A Brief History of the Slip-On Shoe
A letter from our designer–
When we think of sneakers, there’s only a handful of true icons –– the court shoe, the athletic trainer, hightop sneakers, the deck shoe, and the slip-on. So when expanding our line of everyday essentials, turning to the classics always feels like a good starting point.
The slip-on, originated by Vans in the early 70s, is inspired by late 60s society and the changing psyche of the Western world. It was all about progress; counter culture movements like the hippie movement in California and the modernist design movement in Europe. The Vans slip-on gained popularity starting with the youth — flower children kickstarting a budding skate and surf movement which promoted a care-free, effortlessly cool lifestyle. This was a generation with a whole new POV: raised by hippie parents with a progressive agenda, they valued equality, environmentalism, human connection, and adventure above all else.
The slip-on style gained global popularity when Sean Penn sported the iconic checkerboard version in “Fast Times at Ridgemont High." Ever since, the style has prevailed as one of the simplest and most easy-to-wear shoes available. To us, that’s a clear mark of good design – a timeless style that manages to always look fresh and effortlessly cool.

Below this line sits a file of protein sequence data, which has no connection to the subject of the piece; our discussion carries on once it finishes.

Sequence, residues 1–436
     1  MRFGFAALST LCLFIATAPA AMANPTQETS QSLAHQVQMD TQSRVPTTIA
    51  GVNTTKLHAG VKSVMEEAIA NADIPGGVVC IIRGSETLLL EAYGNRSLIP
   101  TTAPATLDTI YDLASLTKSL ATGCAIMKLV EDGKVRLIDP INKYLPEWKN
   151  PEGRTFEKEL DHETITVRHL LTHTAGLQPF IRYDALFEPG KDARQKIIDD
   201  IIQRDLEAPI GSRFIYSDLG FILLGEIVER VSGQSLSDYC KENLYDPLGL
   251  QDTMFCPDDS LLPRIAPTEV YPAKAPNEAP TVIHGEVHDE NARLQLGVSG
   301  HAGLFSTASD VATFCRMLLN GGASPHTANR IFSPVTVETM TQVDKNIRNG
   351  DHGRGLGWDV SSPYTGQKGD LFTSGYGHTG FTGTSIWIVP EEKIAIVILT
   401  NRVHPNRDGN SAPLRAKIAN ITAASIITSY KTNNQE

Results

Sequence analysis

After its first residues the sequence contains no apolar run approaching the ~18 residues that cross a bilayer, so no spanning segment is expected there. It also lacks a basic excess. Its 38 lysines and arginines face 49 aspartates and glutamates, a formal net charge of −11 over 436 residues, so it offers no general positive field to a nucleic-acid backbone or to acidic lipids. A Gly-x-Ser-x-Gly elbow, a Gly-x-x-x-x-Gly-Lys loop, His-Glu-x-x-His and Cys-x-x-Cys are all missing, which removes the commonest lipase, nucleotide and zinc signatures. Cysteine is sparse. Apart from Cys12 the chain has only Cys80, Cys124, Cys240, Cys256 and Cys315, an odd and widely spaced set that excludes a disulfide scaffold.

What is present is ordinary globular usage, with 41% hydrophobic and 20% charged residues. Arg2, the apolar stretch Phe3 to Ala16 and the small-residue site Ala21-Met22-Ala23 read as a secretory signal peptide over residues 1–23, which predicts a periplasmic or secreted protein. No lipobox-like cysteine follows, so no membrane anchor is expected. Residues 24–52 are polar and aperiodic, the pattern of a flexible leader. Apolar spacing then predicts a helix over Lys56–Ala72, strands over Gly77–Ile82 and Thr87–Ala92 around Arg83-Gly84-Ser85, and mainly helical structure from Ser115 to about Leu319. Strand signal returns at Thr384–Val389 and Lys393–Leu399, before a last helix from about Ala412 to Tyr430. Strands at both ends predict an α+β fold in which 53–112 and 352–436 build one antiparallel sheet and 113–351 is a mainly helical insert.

While it’s easy for us to romanticize this era, the truth is that it was a crazy, divided time, and not dissimilar to the state of the world today. Progressives pushed for LGBTQ and POC rights, for government transparency and a more compassionate way of life. Anti-war protests and urban riots displayed hope for change. The world’s first Earth Day took place in 1970, and environmentalism emerged as another key issue we’d need to solve to create a brighter future.
At the same time, an emerging Right brought their “conventional” and conservative family values. Sick of what they interpreted as spoiled hippies and whining protestors, tired of an interfering government that, in their view, coddled poor people at taxpayer’s expense. The Watergate scandal left many progressives feeling helpless, and turning their attention to art, music and design as the movement that couldn’t be tampered with. From this, the slip-on emerged and became a progressive counter-culture symbol. Considering the parallels in today’s society, it feels like good timing to give the style a revamp.
Over the past 50 years, the silhouette has essentially become a blank canvas, ready for whatever vision a designer may have. From exotic leathers to Star Wars insignia, it’s an easy way for designers to play dress up. But for Casca, we design for progress. And while we’ve seen hundreds of fresh colorways and stylistic iterations, without purpose or true innovation, these designs feel redundant.
Our footwear intends to solve problems. From reducing consumption and waste to providing a versatile canvas for individual expression, it’s about progress. Our newest design integrates cutting-edge technology, emphasizing research and innovation as key pillars in advancing a better future for all.
At Casca, we see footwear as a tool that can improve everyday life. The new slip-on style encompasses all the things we look for in footwear -- comfort, durability, versatility, function and more.
As for the brand itself, it will always be a vessel for progress.
– Kevin Reid, co-founder and designer